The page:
There are plot holes. But these are not them. So try and use what information they have given you in the past to try and fill in the blanks, and if you can’t then it’s a plot hole. You obviously didn’t, because it took me less than three minutes to debunk your claims.

  • Dylan565

    Well, all but #3. I neglected to mention that while the theory side of their escape is provided, how they practically accomplished it isn’t. And it’s absence is noted.

    That would be the only one in that list though that could be perceived as a plot hole. The other five are explained.

  • Sestra15

    I wondered how the deprivation chamber worked so quickly, when she hardly had her senses deprived, hearing all the noise outside.

  • Anonymous

    She can’t do anything that risks permanently harming Peter. Walternate still needs him to use that machine. Killing Peter or putting him in a potentially permanent coma would prevent him from powering the doomsday machine.

  • Anonymous

    What makes you think that building was unsecured. She was entering with a high level government official who had security clearance. Broyles got her through all the security levels.

  • You debunked possibly one of them.

    1.) That was Olivia’s apartment, not Peter’s. Only Walter possibly knew where Peter might be. Peter could have very well have been at Harvard or at Massive Dynamic. Or his cell phone died. There are a myriad of reasons why they might not be able to get in touch with him. “Hello. Hello. Anybody home? Think McFly, think.” Biff, Back to the Future.

    2.) Because he says its two floors down and they take an elevator to get there. In Valen’s Name…

    Security rotations and procedures would have been changed after her first break out. They most certainly would have been changed after she broke back in. The water patrols were.

    3.) True but in a state of lock down of the Department of Defense no one would have been permitted to leave, especially if that reason for wanting to leave wasn’t a national emergency. And someone how had not been admitted/checked in through security – Olivia 1 – would never be permitted to waltz out during that time period. The guards would know her face: “She’s the one that broke out and broke back in.”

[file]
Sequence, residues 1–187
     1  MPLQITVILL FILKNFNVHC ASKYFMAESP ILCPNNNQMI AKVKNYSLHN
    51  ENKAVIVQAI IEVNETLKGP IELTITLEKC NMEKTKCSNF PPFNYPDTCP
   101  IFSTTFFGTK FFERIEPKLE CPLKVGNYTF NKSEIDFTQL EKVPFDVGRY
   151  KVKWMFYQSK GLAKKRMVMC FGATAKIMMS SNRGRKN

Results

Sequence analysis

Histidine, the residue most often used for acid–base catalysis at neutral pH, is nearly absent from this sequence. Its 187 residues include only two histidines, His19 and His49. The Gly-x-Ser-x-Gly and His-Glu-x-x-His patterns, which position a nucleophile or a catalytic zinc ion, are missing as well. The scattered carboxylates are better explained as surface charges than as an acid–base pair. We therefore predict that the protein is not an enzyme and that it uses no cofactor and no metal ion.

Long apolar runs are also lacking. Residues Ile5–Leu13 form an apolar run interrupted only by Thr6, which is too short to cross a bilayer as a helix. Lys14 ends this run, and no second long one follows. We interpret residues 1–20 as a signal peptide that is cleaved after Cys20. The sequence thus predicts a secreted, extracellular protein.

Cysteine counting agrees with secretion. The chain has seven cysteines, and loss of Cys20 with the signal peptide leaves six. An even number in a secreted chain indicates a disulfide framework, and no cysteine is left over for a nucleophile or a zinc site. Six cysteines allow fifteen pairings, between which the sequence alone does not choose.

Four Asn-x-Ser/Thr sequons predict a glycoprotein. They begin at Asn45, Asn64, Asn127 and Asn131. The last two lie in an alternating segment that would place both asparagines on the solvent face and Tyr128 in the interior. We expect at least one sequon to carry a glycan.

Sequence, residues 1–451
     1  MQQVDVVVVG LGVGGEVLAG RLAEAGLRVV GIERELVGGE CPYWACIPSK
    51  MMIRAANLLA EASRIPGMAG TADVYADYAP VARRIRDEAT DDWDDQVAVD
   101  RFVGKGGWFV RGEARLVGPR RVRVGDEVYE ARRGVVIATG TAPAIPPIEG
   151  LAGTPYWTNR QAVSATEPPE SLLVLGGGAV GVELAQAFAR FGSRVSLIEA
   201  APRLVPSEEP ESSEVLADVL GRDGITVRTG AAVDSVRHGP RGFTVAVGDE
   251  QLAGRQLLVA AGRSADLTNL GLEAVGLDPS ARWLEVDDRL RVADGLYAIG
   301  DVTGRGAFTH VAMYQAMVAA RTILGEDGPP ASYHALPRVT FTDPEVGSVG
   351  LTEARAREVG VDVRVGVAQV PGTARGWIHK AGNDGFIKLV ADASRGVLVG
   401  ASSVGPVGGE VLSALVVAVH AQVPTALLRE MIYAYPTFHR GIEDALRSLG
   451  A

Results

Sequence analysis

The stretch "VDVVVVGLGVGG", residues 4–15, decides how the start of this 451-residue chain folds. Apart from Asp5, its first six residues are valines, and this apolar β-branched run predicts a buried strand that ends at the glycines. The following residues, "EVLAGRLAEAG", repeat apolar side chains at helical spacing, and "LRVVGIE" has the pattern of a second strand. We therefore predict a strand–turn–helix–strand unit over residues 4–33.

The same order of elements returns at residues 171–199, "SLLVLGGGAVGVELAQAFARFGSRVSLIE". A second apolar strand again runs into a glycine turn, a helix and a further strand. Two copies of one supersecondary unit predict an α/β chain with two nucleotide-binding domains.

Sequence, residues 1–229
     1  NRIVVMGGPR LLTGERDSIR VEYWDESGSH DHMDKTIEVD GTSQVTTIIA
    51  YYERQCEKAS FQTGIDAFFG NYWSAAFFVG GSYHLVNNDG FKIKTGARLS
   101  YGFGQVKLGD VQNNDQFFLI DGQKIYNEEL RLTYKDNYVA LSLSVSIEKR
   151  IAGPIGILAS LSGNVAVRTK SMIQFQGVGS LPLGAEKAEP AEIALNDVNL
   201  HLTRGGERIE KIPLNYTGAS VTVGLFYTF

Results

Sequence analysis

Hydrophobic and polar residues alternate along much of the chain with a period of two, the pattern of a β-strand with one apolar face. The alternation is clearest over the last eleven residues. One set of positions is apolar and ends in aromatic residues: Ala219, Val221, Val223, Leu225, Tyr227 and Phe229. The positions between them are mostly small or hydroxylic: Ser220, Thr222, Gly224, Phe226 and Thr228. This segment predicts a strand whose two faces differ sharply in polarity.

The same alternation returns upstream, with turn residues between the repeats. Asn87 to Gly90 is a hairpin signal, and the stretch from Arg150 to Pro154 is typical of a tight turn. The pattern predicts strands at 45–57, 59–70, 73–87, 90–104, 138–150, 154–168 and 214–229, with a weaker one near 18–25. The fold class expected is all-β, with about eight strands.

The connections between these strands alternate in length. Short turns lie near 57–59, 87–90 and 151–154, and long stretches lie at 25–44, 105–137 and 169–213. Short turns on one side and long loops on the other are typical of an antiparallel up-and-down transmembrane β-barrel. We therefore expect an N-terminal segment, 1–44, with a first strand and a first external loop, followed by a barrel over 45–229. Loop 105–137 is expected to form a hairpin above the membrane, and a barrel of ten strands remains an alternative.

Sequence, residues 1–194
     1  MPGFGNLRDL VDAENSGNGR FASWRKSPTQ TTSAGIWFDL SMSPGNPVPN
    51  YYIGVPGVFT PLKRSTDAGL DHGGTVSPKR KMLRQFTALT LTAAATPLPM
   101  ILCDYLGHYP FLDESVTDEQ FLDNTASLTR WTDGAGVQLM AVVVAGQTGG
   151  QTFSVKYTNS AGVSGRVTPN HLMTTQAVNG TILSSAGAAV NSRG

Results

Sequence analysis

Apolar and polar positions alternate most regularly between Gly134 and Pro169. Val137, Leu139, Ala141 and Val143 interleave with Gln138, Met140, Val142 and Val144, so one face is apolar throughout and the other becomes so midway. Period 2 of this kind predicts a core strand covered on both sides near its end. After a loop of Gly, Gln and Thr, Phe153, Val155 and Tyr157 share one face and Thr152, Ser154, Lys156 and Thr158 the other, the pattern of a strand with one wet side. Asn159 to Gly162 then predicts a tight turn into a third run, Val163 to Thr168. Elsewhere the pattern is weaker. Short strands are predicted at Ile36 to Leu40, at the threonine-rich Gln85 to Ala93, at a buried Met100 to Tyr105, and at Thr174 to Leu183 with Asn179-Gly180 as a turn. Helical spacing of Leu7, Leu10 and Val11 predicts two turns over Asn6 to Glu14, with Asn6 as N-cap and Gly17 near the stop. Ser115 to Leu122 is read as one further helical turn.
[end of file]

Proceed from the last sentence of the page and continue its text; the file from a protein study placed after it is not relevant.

4.) They walk right into the room without having to input any code. Every door in a building like that would have a different pass code, just like the CIA. Look at Massive Dynamic with the check points right when you get off the elevators. Where were those in the Department of Defense building? After all the repeated break outs and ins, the door codes would have been changed and the security stepped up. What, do you you think they would stay the same?

    5.) Ok, possibly.

    6.) But the numbers in the original signal never changed, those numbers were the original locations for the pieces. Those were the numbers they were trying to find out the meaning of. Those people would have to know the original location of the original land masses before the dinosaurs and then track the migration of those land masses precisely, precisely after they separated. If they weren’t, they would never discover the pieces. These people never did that nor did the FBI agents helping Walter. The people in the number stations had not even figured out the numbers were coordinates.

    You should have spent more time on your answers.

  • I missed that one. You are absolutely right.

  • I know. My point was that she could have tied him down long enough to make her escape. In combination with that drug, she would have had more than enough time.

  • He wouldn’t be able to. She would need her own separate clearance, just like he needs.

    If I were a senator, I couldn’t bring my family on a sight seeing tour through the CIA. Everybody that I brought in would have to be vetted and cleared by Security Section. Nor could I exit CIA with someone I had not brought in with me who didn’t have their own security pass/clearance.

    Broyles couldn’t walk anybody out of the Department of Defense if that person did not have a security ID. The security guards would ask: “How did this person get into the building. She is not in our system?”

  • Anonymous

    That is assuming their security protocol is the same as ours. As you can tell the FBI no longer exists over there so we don’t know what other security procedures have changed. I get the feeling Walternate and his crew have a special level of clearance.

  • True but their tech is better than ours which means their video surveillance and facial recognition software is better than ours as well.